Russia doves should demand an investigation
Trump's scandal is making detente with Russia politically toxic. That's a problem.
Attorney General Jeff Sessions is the second senior Trump official to have obscured the extent and nature of his contacts with Russia. In the wake of revelations that he failed to disclose meetings with the Russian ambassador, he recused himself Thursday from overseeing any investigation of Russian involvement in the 2016 election. His announcement was probably enough to placate a number of prominent Republicans who called for him to do that very thing. But demands from Democrats for Sessions to follow Michael Flynn's lead and resign will only grow louder now.
Throughout all this, however, we haven't heard much from supporters in the foreign policy community of a better relationship with Russia, particularly those with longstanding GOP ties. And it's time they spoke up. They should be the leading voices demanding a full and frank accounting of just what the Trump campaign was up to — because without it, a new Cold War is likely upon us, whether Trump wants one or not.
The most anodyne explanation of those contacts between Trump and Russia would look something like this: The Trump campaign, from its early days, decided that if they won the presidency they would seek significantly better relations with Russia, so they made numerous contacts with Russian officials at every level in order to sound the Russians out about the possibilities for such a sea change.
This would not necessarily have been inappropriate in any way. It is entirely normal for American presidential campaigns to have contact with foreign leaders and their representatives, and the Russians themselves have said they reached out to both the Trump and Clinton teams during the campaign, and that Trump's team was far more receptive to substantive discussions.
But in the context of evidence that Russia played dirty tricks to damage the Clinton campaign, any offers to Russia that the Trump team might have made during their discussions would look positively incendiary. So perhaps Flynn, and now Sessions, hid the extent of their contacts simply to avoid being caught up in a witch hunt. If they did so, they made serious errors in judgment — and must pay the consequences. But there is a big difference between being evasive about embarrassing facts and covering up a crime.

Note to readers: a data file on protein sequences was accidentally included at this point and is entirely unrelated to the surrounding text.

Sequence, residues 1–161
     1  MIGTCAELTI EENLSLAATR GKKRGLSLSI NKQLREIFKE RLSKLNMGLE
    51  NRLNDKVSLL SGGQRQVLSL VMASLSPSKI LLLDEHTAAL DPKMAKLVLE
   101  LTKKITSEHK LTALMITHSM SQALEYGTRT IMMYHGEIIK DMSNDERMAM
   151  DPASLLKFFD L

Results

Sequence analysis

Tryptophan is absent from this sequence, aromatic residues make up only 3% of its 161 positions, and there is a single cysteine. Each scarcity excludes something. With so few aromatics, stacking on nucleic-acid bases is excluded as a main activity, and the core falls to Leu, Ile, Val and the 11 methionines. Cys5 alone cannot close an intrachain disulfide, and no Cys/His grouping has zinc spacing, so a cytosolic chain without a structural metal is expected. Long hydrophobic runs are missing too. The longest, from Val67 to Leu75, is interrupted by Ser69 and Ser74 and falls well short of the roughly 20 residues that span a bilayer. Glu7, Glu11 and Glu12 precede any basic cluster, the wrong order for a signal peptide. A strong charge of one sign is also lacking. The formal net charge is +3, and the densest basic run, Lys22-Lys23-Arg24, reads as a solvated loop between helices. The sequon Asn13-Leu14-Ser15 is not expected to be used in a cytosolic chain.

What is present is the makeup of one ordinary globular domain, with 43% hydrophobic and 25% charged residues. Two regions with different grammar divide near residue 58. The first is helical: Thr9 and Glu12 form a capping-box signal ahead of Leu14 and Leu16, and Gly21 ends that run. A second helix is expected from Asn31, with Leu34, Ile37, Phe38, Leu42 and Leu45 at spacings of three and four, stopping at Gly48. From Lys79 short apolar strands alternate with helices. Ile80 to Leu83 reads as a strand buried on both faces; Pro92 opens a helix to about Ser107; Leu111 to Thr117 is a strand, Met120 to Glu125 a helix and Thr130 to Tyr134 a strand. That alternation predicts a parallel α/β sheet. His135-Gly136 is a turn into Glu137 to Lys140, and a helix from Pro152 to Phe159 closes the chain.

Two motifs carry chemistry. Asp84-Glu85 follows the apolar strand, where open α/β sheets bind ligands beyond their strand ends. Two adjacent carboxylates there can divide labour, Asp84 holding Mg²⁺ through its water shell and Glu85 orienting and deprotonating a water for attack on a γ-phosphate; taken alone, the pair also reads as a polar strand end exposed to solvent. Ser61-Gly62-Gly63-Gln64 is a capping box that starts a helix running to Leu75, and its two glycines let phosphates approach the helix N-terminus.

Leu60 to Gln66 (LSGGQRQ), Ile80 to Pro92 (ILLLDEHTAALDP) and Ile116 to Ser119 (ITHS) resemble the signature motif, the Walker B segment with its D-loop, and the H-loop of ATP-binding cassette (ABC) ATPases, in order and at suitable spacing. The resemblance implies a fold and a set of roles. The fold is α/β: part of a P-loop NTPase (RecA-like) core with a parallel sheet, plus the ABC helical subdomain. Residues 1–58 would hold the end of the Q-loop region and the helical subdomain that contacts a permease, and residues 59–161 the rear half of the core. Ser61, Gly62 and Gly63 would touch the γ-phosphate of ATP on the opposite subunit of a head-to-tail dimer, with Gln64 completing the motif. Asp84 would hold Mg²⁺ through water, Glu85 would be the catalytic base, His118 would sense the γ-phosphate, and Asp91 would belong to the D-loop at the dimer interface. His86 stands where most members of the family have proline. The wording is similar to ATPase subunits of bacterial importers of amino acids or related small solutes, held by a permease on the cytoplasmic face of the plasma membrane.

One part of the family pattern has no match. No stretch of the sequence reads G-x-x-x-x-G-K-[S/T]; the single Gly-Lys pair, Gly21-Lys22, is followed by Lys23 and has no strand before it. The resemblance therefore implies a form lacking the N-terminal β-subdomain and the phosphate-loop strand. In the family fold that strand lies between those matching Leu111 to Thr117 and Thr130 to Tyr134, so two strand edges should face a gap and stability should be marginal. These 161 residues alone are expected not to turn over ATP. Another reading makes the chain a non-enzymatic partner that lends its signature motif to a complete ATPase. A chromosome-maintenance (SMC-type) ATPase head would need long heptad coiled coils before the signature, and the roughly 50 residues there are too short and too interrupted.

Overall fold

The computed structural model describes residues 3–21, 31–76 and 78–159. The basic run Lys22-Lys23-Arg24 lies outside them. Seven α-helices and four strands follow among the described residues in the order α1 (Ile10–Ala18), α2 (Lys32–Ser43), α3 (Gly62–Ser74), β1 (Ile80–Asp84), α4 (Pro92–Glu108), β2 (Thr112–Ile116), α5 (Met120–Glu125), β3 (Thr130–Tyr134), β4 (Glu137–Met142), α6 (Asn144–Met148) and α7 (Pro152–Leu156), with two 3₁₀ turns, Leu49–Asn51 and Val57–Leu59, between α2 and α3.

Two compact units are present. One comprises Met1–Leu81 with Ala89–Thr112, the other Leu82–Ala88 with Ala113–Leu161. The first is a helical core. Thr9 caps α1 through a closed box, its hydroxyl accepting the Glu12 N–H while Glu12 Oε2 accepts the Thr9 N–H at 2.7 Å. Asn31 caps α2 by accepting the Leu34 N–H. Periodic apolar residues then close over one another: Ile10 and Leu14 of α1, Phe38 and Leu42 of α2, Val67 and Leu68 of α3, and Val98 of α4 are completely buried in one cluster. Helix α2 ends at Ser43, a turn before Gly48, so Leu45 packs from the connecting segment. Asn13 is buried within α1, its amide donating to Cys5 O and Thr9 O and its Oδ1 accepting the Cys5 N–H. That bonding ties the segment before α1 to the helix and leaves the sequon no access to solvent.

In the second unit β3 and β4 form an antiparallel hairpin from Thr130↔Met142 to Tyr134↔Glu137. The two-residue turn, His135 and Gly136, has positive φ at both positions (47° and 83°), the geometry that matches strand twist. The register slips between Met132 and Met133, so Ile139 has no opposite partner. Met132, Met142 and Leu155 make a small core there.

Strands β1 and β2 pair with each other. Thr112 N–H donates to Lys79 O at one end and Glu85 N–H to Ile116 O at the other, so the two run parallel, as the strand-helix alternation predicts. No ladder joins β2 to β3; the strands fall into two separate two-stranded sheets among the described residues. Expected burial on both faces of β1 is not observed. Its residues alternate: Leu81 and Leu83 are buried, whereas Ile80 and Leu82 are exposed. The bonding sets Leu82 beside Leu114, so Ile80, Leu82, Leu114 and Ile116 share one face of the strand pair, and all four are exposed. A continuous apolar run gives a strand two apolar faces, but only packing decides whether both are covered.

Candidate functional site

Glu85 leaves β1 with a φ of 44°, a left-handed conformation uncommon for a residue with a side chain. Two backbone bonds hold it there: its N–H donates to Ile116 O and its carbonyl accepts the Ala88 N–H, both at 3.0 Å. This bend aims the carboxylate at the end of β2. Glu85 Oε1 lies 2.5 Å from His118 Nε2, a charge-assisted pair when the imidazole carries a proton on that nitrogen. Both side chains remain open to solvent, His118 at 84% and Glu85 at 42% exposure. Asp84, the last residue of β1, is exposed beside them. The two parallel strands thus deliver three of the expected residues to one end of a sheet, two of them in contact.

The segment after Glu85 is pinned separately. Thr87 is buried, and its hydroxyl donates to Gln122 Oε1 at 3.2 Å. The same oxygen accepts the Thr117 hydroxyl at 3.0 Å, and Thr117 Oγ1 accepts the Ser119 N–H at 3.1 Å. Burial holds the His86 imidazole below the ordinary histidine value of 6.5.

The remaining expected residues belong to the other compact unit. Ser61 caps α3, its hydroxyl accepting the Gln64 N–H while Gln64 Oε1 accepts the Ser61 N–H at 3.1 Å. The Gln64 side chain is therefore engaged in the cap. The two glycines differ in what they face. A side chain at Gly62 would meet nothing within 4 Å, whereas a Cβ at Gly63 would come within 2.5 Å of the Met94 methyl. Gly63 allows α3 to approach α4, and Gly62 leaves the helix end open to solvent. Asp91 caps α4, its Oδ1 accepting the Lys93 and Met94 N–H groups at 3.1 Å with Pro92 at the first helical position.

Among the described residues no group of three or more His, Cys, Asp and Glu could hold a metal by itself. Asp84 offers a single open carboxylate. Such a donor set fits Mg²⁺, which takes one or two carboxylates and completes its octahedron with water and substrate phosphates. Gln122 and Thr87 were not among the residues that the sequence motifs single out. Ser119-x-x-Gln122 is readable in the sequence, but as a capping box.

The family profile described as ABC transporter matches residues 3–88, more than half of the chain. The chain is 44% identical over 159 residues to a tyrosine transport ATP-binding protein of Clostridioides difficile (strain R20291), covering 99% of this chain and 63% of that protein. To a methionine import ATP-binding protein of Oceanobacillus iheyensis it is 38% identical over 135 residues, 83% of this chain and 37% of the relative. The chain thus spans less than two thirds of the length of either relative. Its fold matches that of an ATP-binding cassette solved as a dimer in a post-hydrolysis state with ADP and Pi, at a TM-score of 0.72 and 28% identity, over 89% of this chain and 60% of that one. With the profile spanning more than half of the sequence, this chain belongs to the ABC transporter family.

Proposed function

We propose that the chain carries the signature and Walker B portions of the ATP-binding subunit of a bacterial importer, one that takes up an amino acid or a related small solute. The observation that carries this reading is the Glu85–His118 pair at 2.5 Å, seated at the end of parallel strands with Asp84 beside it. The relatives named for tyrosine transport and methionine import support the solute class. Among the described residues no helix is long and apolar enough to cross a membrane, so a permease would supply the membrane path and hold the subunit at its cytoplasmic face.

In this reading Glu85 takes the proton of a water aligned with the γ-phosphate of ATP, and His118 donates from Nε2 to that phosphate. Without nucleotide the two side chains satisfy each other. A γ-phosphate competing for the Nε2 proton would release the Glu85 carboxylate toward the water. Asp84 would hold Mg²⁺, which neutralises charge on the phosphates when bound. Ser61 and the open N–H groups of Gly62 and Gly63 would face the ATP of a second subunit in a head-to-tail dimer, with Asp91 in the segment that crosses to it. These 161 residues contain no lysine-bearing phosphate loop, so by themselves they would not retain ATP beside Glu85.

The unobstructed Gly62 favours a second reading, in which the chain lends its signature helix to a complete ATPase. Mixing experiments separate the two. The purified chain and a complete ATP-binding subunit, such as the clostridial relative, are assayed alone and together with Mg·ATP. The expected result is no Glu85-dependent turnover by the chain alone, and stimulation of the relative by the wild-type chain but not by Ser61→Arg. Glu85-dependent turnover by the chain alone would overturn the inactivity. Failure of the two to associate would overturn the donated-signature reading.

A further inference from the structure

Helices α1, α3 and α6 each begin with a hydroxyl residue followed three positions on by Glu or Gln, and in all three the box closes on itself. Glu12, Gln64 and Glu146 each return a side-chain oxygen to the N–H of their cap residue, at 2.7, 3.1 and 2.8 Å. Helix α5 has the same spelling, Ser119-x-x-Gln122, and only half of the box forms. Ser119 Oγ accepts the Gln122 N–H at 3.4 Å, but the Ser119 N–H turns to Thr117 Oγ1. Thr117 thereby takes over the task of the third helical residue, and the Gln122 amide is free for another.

It could be worse, though, if the anodyne explanation is incorrect.
The most inflammatory possible explanations for the Trump campaign's contacts are that either Trump himself or high-placed members of his team were susceptible to Russian financial pressure or blackmail — or that the Trump campaign colluded with the Russians on dirty tricks to defeat Hillary Clinton. Either would clearly justify prosecutions and likely impeachment.
There is no evidence at this point to support such claims. But in this environment of near-hysteria, and in the absence of a full congressional investigation, absence of evidence is hardly proving exculpatory.
The Trump administration might not want such an investigation, though, for reasons having nothing to do with the substance of any discussions with Russian officials. Investigations inevitably metastasize, and draw attention away from an administration's substantive agenda. In today's hyper-partisan climate, it's even more likely that a GOP-led investigation that came up empty would simply be dismissed as part of a coverup.
Individual members of Congress, meanwhile, might support or oppose an investigation for reasons that have nothing to do with the substance of the issue. Opponents of rapprochement with Russia, for example, would have every reason to want to make continued pursuit of such a policy politically toxic.
Which is precisely why it is supporters of such a policy who should be taking the lead in calling for such an investigation.
The Trump administration could stonewall its way through this ongoing scandal, counting on rank partisanship to carry it through the worst. If there were genuinely no crimes committed, such a strategy might even succeed when and if Congress changes hands, and in the meantime the GOP have two years to pass their legislative agenda.
But until the air is clear, American policy towards Russia is badly tainted. Every move this administration makes is being interpreted through the lens of the most outlandish suppositions. In such a climate, the rational thing for the administration to do is abandon any plans for substantive improvement of relations. The Russian government is reportedly already operating on the assumption that Trump will not prove as friendly as hoped, both because of his own personal deficiencies and because of the widening impact of the scandal.
A congressional investigation could well prove a millstone around the administration's neck, and provide ample opportunity for Democratic grandstanding. But it's also the only way to rescue American foreign policy towards Russia from a widening gyre of increasingly fantastical speculation and innuendo.